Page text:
Family size

    • According to statistics reported by HMRC on families claiming child benefit, Blackpool has 2,730 families with 3 or more children.15
    • The most recent national statistics indicate that children who live in large families, defined as those with three or more children, are more likely to live in low income households and households in combined low income and material deprivation.
    • Within large families, 27% of children are living in relative low income, compared to 17% of children from families with 2 children and 17% of children from 1 child families.16

Family Homelessness

Homelessness and experiences of living in temporary accommodation during childhood can adversely affect physical and mental health and development of children, and disrupt schooling. Homelessness during childhood has also been shown to reduce life chances and impact adult employment.6

Data from Blackpool Housing Options shows that in 2015/16, 313 families with children presented to Blackpool Council housing options as homeless or at risk of homelessness

    • Of those families, 101 were actually homeless at time of presentation to services.
    • Of the 101, only 35 families met the criteria for full support from the council; i.e. families with a connection to the local area, for whom homelessness has not been prevented and who do not have alternative sources of support or accommodation (e.g. family).
    • In addition to this, 212 families presented at risk of homelessness (within 28 days), all of whom were supported to prevent homelessness.

In addition to those families who present to services as at risk of being or actually homeless, the large quantity of poor quality housing in Blackpool means that there are likely to be children living in sub-standard or overcrowded housing although it may be impossible to say how many.

Disability within the family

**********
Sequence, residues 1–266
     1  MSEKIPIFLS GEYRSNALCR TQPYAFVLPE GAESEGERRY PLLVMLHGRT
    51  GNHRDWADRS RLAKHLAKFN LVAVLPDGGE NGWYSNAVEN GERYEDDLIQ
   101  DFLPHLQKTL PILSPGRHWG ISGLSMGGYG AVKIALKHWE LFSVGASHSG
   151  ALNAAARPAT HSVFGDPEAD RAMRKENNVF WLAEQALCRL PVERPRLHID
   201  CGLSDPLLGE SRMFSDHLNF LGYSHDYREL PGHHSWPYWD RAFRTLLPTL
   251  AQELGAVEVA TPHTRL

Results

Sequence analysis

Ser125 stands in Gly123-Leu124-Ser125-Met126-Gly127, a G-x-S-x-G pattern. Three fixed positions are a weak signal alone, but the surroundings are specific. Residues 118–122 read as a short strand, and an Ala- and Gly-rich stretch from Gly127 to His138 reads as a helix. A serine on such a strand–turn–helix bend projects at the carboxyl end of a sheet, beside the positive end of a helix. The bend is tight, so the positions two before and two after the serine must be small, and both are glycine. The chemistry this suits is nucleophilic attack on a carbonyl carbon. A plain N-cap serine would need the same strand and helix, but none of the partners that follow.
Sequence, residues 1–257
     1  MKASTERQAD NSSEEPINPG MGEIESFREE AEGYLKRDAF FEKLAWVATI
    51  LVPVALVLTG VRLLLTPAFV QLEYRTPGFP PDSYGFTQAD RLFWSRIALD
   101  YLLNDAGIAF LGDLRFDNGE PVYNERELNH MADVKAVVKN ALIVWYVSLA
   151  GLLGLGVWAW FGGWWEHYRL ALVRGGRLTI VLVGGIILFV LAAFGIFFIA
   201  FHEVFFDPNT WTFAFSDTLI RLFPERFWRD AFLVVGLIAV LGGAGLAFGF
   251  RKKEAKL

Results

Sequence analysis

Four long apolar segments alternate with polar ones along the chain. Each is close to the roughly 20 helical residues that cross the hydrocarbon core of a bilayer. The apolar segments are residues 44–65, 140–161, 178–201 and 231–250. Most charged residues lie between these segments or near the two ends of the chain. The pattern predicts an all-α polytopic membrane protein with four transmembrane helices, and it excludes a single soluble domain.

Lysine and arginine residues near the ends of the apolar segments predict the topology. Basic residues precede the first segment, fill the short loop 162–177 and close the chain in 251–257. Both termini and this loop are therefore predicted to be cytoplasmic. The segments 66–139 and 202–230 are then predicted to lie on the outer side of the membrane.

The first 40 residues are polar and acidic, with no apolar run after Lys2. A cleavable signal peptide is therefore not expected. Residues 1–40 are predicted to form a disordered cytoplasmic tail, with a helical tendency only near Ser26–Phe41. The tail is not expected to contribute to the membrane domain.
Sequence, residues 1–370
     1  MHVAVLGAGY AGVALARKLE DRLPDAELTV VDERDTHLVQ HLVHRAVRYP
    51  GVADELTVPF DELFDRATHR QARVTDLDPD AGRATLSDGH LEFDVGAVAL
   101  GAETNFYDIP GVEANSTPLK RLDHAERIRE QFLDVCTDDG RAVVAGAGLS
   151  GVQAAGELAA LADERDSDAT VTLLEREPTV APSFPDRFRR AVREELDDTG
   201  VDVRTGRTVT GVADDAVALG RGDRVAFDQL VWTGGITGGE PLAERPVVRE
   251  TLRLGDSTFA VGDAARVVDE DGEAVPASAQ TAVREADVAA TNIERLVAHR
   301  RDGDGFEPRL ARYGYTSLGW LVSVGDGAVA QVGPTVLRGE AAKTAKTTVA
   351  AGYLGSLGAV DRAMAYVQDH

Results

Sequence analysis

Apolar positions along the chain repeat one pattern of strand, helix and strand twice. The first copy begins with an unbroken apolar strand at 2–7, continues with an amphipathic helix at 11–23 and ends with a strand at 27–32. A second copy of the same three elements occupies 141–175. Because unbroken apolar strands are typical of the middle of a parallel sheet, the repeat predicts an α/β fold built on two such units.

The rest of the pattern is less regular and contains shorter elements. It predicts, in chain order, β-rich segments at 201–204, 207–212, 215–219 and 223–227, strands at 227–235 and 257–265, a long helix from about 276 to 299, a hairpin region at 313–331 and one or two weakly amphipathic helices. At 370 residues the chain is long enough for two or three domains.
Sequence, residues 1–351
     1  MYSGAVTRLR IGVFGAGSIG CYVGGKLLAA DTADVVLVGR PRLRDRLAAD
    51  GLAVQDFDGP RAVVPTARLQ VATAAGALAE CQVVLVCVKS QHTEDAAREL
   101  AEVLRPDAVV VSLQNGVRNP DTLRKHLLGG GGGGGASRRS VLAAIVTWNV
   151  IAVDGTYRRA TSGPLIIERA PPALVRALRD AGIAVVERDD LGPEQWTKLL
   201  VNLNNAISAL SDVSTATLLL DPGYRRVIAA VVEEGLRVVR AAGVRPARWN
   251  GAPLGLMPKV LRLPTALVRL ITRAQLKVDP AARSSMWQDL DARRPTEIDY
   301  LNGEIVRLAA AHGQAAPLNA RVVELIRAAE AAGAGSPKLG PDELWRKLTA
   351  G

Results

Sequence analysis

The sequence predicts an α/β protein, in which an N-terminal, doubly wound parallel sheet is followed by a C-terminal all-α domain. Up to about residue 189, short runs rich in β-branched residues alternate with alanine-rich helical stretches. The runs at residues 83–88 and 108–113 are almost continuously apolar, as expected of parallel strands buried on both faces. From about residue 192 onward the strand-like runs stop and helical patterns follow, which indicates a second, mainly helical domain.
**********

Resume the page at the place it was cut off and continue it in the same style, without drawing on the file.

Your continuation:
• As of May 2015, 120 children aged 0-18 were living within 70 households in receipt of Incapacity Benefit or Severe Disablement Allowance.9
    • According to the 2011 Census, there were 3,345 households with dependent children where 1 person had a long-term health problem or disability.10

Free school meals and educational attainment

    • In 2016, 4,706 children were receiving free school meals; 25% of all children on the roll. This has decreased in number and percentage over the past 3 years.17
    • In Blackpool, only 53.1% of children in receipt of free school meals had reached a good level of development at the end of reception18 compared to 64.5% when looking at all children.19
    • In 2016, 37.1% of students in secondary schools in Blackpool who were categorised as "disadvantaged" achieved Grade C or better in English and Maths GCSEs compared to 50.4% of all students (mean of all schools with data available for 2016 from OFSTED website).20

Social Mobility

    • The Social Mobility Index compares the chances that a child from a disadvantaged background will do well at school and get a good job across each of the 324 local authority district areas of England.
    • It examines a range of measures of the educational outcomes achieved by young people from disadvantaged backgrounds and the local job and housing markets to shed light on which are the best and worst places in England in terms of the opportunities young people from poorer backgrounds have to succeed.
    • Blackpool is ranked 9th worst performing local authority in the 2016 Social Mobility index.21
    • This is particularly striking as our geographical neighbour Fylde is ranked the 22nd best social mobility "hotspot".

Current services and initiatives

Together on Poverty; Blackpool's Child Poverty Framework 2012-2015 sets out Blackpool Council's vision for reducing child poverty and mitigating against its effects in Blackpool.

The aims established in the Child Poverty Framework are included in Blackpool Council's Children and Young People's Plan 2013-2016. This document reviews the work of previous years and sets out plans for the future to meet the three key priorities, which are: